Old Castile (Spanish: Castilla la Vieja [kas'ti?a la '?jexa]) is a historic region of Spain, which had different definitions along the centuries. Its extension was formally defined in the 1833 territorial division of Spain as the sum of the following provinces: Santander (now Cantabria), Burgos, Logroño (now La Rioja), Soria, Segovia, Ávila, Valladolid and Palencia. As the rest of regions in that division, Old Castile never had any special administrative agency; only the individual provinces had their own management.
The name Old Castile reflects the fact that this territory corresponds very roughly to the extension of the Kingdom of Castile around the 11th century, before it expanded to the south. This kingdom had its origins in the 9th century in an area now comprising Cantabria, Álava, and Burgos province.
In the 18th century, Charles III of Spain assigned to Castilla la Vieja the provinces of Burgos, Soria, Segovia, Ávila, Valladolid, and Palencia.
The royal decree of 30 November 1833, the reform of Javier de Burgos (see 1833 territorial division of Spain), established the basis for the division of Spain into provinces which, with very few modifications, continues down to the present day.
Another royal decree, on 30 November 1855, divided Spain into 49 provinces, and assigned the provinces of Valladolid and Palencia to the Kingdom of León, leaving to Castilla la Vieja the provinces of Santander, Burgos, Logroño, Soria, Segovia, and Ávila. Although there were further reform efforts in the 19th century, this division is reflected in the encyclopedias, geographies, and textbooks from the mid-19th century until it was superseded in the second half of the 20th century. For example, early editions of Enciclopedia Espasa, of the Encyclopædia Britannica and the popular student encyclopedia Álvarez all follow this division of provinces into Castilla la Vieja and the Region of León.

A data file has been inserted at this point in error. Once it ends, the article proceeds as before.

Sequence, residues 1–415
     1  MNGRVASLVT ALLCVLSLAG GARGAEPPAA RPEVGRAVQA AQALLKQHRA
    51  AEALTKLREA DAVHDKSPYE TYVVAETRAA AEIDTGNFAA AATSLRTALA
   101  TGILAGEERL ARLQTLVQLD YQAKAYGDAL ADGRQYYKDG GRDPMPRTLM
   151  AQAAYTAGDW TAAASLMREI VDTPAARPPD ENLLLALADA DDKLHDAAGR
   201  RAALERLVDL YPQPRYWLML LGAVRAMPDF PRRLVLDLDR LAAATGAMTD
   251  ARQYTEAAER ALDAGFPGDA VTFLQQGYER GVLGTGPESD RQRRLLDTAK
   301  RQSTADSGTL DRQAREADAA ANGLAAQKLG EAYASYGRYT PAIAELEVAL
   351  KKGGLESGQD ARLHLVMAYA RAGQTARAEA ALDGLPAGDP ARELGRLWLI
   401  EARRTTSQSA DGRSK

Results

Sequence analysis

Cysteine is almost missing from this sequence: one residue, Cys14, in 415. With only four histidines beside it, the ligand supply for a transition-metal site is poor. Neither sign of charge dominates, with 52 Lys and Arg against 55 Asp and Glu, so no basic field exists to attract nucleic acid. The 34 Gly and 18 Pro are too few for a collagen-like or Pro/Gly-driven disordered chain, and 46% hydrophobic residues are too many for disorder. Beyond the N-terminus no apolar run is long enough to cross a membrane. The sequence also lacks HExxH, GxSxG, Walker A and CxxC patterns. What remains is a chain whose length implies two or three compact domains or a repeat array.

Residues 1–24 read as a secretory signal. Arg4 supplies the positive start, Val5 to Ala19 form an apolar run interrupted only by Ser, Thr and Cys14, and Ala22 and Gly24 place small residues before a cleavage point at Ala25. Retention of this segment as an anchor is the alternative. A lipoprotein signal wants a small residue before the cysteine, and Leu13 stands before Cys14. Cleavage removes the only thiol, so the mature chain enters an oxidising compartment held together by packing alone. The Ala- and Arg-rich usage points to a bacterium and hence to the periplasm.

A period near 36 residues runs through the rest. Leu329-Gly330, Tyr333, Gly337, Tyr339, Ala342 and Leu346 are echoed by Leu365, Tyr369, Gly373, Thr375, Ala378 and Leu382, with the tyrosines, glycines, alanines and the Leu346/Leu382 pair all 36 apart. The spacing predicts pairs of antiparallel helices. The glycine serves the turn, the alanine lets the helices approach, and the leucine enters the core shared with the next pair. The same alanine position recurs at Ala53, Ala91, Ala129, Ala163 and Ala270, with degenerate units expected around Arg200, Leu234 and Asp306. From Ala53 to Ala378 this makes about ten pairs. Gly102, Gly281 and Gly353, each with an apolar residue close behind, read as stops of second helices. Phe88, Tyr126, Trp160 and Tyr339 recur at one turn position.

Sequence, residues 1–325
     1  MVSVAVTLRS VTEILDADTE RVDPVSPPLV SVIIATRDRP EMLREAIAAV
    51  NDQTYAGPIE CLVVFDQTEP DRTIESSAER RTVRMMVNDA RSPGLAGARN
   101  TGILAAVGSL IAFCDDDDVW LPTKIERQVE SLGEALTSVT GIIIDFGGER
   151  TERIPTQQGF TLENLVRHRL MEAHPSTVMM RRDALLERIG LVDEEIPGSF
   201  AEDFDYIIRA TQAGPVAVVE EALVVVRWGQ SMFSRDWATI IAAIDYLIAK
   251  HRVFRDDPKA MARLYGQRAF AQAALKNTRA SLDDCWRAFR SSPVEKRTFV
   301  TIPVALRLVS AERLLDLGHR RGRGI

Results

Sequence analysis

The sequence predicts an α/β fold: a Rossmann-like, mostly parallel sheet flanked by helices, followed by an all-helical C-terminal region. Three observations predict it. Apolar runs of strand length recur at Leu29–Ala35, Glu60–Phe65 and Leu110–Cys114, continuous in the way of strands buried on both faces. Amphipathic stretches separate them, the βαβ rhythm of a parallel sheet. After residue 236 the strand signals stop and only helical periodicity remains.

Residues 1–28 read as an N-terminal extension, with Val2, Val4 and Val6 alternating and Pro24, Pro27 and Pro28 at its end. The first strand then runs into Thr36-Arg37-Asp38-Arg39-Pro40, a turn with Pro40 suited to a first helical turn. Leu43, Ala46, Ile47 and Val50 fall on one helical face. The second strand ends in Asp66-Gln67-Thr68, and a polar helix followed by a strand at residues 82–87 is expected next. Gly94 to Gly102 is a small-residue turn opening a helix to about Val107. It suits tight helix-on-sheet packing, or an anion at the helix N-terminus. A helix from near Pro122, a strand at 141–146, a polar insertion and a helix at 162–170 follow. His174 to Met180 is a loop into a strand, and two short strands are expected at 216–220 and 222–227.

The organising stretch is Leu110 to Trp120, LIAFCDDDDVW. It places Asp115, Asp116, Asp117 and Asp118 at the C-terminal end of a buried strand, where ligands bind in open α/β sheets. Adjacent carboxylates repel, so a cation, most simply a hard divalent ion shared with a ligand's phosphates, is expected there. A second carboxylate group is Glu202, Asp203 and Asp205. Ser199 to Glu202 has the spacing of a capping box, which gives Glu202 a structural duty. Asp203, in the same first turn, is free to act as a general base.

With the establishment of the autonomous communities in Spain in 1983, Old Castile disappeared as a legal entity: most of its provinces were integrated politically with the Region of León into a larger entity (Castile and León), and two of its provinces became autonomous communities in their own right (the province of Santander became Cantabria and the province of Logroño became La Rioja).
This article draws on the corresponding article in the Spanish Wikipedia, retrieved March 1, 2005.